It’s more wish-fulfillment stuff. “Trump About to be Arrested!” Well, yeah, when’s that gonna happen? . . .if you have that visceral a response to something, then it is written specifically to arouse that response so you’ll share it. Just say no.
Like the Weekly Standard and National Review, the more reliable liberal media are warning their readers about falling for fake news, just because it feels good–as noted in Vox, the left’s counterpart to Fox.
President Donald Trump is about to resign as a result of the Russia scandal. Bernie Sanders and Sean Hannity are Russian agents. The Russians have paid off House Oversight Chair Jason Chaffetz to the tune of $10 million, using Trump as a go-between. Paul Ryan is a traitor for refusing to investigate Trump’s Russia ties. Libertarian heroine Ayn Rand was a secret Russian agent charged with discrediting the American conservative movement.
These are all claims you can find made on a new and growing sector of the internet that functions as a fake news bubble for liberals, something I’ve dubbed the Russiasphere. The mirror image of Breitbart and InfoWars on the right, it focuses nearly exclusively on real and imagined connections between Trump and Russia. . .
There’s also a handful of websites, like Palmer Report, that seem devoted nearly exclusively to spreading bizarre assertions like the theory that Ryan and Sen. Majority Leader Mitch McConnell funneled Russian money to Trump — a story that spread widely among the site’s 70,000 Facebook fans. . .
“With a few exceptions, the MSM [mainstream media] hasn’t exactly covered itself in glory with Kremlingate. They were slow to ask obvious questions about Trump in 2016, and they’re playing catch-up now, not always accurately.”
Experts on political misinformation see things differently. They worry that the unfounded speculation and paranoia that infect the Russiasphere risk pushing liberals into the same black hole of conspiracy-mongering and fact-free insinuation that conservatives fell into during the Obama years.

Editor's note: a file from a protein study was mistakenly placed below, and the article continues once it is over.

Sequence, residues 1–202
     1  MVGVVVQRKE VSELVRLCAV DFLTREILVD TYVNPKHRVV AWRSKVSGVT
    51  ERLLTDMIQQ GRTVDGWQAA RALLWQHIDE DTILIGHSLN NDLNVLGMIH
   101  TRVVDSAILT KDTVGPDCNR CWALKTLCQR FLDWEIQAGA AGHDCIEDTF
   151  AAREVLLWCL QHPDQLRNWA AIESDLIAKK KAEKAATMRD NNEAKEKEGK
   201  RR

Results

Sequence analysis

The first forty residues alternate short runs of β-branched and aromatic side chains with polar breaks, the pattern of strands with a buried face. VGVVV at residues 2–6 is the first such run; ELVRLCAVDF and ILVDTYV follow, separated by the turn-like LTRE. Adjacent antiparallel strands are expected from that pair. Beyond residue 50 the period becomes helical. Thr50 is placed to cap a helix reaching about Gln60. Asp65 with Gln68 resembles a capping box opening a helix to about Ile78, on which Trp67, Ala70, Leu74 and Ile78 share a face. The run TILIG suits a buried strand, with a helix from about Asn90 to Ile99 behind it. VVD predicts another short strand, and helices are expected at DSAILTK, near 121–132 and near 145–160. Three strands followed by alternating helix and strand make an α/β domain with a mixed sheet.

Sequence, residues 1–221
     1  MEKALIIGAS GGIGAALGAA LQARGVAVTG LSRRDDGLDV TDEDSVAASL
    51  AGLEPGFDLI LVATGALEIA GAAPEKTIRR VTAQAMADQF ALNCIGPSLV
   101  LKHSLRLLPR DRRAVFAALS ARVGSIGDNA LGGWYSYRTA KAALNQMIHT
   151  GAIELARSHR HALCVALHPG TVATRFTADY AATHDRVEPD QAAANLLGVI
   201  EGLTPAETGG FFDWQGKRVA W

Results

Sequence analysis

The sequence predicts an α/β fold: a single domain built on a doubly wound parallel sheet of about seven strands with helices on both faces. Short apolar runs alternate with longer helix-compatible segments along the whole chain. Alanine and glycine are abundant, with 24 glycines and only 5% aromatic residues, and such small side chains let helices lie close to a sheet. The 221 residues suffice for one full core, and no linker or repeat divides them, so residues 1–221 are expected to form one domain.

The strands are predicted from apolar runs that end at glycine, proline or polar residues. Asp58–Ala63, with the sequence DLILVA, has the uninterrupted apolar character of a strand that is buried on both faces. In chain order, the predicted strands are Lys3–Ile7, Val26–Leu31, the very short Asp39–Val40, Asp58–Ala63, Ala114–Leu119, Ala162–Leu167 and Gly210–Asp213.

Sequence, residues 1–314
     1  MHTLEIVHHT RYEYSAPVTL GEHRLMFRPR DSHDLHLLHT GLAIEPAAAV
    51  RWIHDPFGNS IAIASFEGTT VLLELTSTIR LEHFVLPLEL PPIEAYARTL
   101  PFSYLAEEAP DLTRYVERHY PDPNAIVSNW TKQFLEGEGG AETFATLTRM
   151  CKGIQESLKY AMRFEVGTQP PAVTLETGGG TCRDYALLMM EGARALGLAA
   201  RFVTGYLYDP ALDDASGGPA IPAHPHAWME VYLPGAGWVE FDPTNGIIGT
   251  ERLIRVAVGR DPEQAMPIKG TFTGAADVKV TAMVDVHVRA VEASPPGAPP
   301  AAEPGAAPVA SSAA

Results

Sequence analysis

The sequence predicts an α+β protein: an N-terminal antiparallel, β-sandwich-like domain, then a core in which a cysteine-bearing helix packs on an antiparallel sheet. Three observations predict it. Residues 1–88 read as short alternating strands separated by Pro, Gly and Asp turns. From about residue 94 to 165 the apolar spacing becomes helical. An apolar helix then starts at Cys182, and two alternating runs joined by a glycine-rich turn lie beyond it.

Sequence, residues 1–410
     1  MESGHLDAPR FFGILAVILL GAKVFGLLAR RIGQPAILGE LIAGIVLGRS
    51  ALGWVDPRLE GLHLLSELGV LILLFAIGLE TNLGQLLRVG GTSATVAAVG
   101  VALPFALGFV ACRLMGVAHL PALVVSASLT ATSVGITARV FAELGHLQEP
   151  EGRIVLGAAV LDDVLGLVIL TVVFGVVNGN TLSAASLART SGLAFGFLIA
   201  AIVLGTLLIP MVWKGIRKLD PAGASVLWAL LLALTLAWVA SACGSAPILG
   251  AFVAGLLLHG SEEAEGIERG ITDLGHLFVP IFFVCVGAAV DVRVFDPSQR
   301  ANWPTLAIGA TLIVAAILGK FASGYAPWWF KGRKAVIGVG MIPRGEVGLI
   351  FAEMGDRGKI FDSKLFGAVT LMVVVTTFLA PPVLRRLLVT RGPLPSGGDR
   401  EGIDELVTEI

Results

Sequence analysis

The fear is that this pollutes the party itself, derailing and discrediting the legitimate investigation into Russia investigation. It also risks degrading the Democratic Party — helping elevate shameless hucksters who know nothing about policy but are willing to spread misinformation in the service of gaining power.
But why do so many people fall for fake news in the first place? The Atlantic has a theory.
I’ve always wondered why we slow down for car accidents. And the author of the book, [Gavin de Becker,] says, We always slow down for car accidents out of an ancient impulse, which is that humans want to learn. That’s why we developed these enormous brains. People always want to learn.
And I thought, you know what, that’s true. Even people who are sending around these stupid stories that are complete BS, they would latch onto actual news, not conspiracy theories, if there was more actual news out there. I think that people are going about the fake news issue the wrong way. Pinching off fake news isn’t the answer. The answer is flooding it with actual news.
Yeah, well, maybe. But I think people also slow down for car crashes because, despite themselves, they hope they’ll see a bloody, dead body. And the reason is so that they can later be the center of attention, when they describe it to their friends.
I think that’s at the heart of it. Look, even legitimate news sources quote the old saying, “if it bleeds, it leads,” meaning we really do want to hear about guts and gore. Who wants to read about a car crash in which everybody walked away without a scratch? Seriously, do so many people really watch Nascar hoping nothing happens?
Maybe the example we need is professional wrestling. Most people know it’s fake. But they still love to watch it, cheering on “the good guy,” as if it were real. We want to have “good guys,” and so, we create in our minds a fantasy that people who believe as we do are “good guys,” fighting the “good fight,” when we really know it’s all about power and profit and senseless confrontation.